Home and Heartby Deepa Gahlot January 10 2019, 12:39 pm Estimated Reading Time: 2 mins, 40 secs
Reading Barbara Kingsolver’s Unsheltered, the thought that passes through the mind is: there but for the grace of god goes any middle-class family, when a financial crisis strikes; also, how much a person's self-worth depends on the kind of home they are able to make for their family.
In one of the two interconnected stories, over a century apart, fifty-something Willa Knox, is told that her house is falling down, and it does not make sense to repair it. Willa, a journalist, no longer has a job after her magazine folded up, and she has come with her charming but clueless professor husband Iano Tavoularis, to live in this dilapidated house in Vineland, New Jersey, after the couple upped and moved for years chasing tenure in some university that would offer them stability.
Barbara Kingsolver, author of Unsheltered
The already precarious condition of the family is further strained, because her husband’s bed-ridden father, Nick, lives with them, his condition is getting worse, and their insurance package is inadequate for his medical needs. Then their daughter, Antigone aka Tig, returns from a stint in Cuba that she refuses to talk about; son Zeke, loses his wife, his job and home and moves back with his newborn son, expecting help and free childcare.
At an age when they should be planning for retirement, Willa and her husband slide down the ladder to a point where it feels like they are starting over from scratch. “It’s like the rules don’t apply anymore,” Willa says. “Or we learned one set, and then somebody switched them out.”
This family unit seems to personify what is wrong with contemporary America - Nick is a rabid right-winger, the opinionated but caring Tig is fiercely anti-capitalism, while Zeke, burdened with a huge debt and start-up dreams, still believes in the American dream.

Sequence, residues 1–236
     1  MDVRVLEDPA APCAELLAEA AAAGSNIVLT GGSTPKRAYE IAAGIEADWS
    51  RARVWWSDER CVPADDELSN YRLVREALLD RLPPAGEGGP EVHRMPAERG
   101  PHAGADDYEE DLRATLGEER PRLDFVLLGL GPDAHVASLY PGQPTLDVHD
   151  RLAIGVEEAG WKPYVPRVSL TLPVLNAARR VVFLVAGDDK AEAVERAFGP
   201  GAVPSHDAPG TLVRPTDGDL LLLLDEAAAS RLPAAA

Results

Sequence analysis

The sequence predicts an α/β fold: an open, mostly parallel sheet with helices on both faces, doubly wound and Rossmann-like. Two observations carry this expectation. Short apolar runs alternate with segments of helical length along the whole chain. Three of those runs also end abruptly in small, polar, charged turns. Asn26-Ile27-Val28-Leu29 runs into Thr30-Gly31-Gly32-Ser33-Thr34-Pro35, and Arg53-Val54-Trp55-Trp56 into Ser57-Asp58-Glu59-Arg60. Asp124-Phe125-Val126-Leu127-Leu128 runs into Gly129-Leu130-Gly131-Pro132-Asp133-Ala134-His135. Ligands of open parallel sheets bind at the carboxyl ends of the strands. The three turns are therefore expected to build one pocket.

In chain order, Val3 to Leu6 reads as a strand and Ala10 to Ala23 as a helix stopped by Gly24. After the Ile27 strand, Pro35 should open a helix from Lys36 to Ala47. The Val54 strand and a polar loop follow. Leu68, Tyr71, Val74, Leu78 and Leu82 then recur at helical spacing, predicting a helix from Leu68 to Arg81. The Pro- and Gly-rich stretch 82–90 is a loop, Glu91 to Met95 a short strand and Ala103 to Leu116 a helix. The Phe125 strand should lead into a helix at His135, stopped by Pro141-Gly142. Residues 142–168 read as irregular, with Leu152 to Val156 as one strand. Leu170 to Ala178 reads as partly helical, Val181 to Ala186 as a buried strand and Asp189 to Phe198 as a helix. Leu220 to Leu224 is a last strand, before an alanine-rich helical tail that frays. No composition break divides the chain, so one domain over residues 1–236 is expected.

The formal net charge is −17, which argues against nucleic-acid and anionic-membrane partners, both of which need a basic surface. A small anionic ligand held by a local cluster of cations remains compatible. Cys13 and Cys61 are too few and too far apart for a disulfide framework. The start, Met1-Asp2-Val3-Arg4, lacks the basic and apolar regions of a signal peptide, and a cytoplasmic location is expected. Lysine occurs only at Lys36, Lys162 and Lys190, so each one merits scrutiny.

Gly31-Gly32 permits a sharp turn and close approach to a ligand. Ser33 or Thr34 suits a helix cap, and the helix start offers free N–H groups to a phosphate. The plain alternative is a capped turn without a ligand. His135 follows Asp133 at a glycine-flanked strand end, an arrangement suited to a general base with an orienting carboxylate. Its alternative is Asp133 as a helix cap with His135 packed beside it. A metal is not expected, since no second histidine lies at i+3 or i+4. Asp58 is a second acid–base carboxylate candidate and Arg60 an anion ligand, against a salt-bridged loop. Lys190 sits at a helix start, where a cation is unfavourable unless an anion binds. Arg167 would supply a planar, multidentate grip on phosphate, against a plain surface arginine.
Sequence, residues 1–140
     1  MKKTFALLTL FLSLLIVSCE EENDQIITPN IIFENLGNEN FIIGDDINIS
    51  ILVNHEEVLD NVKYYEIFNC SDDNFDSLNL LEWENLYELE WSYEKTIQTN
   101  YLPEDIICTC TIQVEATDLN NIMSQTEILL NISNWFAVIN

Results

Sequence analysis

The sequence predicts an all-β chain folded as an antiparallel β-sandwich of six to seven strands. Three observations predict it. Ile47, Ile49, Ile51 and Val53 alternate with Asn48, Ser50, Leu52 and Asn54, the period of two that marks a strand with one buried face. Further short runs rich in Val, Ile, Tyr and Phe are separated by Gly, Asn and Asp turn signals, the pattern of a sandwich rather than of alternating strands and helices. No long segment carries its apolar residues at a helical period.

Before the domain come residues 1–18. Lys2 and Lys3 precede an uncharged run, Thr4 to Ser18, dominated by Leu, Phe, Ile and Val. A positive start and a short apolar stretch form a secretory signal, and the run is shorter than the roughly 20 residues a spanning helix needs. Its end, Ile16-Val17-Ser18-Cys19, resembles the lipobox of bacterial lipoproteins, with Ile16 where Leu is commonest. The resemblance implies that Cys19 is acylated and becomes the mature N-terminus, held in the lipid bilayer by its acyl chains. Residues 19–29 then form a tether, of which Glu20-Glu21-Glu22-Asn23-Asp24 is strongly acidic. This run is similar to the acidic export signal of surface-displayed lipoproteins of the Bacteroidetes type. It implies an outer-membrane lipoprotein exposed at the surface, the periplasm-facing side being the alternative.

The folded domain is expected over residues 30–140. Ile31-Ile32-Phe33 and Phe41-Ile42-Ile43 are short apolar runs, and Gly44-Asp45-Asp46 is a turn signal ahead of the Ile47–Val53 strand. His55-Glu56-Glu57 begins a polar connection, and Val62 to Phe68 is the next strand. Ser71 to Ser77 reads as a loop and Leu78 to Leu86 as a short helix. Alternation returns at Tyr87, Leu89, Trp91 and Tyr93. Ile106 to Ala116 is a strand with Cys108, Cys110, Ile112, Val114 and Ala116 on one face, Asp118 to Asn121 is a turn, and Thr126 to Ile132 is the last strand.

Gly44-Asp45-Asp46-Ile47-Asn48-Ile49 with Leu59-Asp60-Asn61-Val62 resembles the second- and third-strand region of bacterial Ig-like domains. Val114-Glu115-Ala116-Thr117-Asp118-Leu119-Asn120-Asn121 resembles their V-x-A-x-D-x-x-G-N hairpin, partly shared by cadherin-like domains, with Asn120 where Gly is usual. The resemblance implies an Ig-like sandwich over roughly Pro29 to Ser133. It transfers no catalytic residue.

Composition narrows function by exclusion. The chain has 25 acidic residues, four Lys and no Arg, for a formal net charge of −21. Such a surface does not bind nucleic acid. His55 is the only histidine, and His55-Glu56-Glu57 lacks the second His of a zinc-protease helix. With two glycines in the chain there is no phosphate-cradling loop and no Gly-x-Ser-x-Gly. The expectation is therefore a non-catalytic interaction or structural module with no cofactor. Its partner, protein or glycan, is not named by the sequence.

The chapters of Unsheltered set in the 1870s, tell the story of impoverished school teacher, Thatcher Greenwood, who lived in the house that Willa moved into, and which was crumbling even back then. That was the time when an autocratic entrepreneur, Captain Charles Landis, founded what he hoped would be a Utopian community of Vineland that he could control. Living across the street is Mary Treat, a self-taught naturalist, who conducts experiments at home and corresponds with Charles Darwin, whose ideas on evolution are causing ripples in the Church and its devout followers. Thatcher admires and befriends Treat (a real-life distinguished female scientist, rare in the 19th century), that does not go down well with his bigoted employer or his self-absorbed wife.
There is no real connection between the two stories, except the house, but Kingsolver vividly writes about the problems - political, spiritual, intellectual and financial - between the two eras, and how two sets of people fight against seemingly hopeless circumstances, when everything they hold dear is in danger of collapsing. In the case of Willa her home and all it stands for, while Thatcher faces a tougher moral dilemma. In both stories, the Great American Dream turns into a nightmare.
By Barbara Kingsolver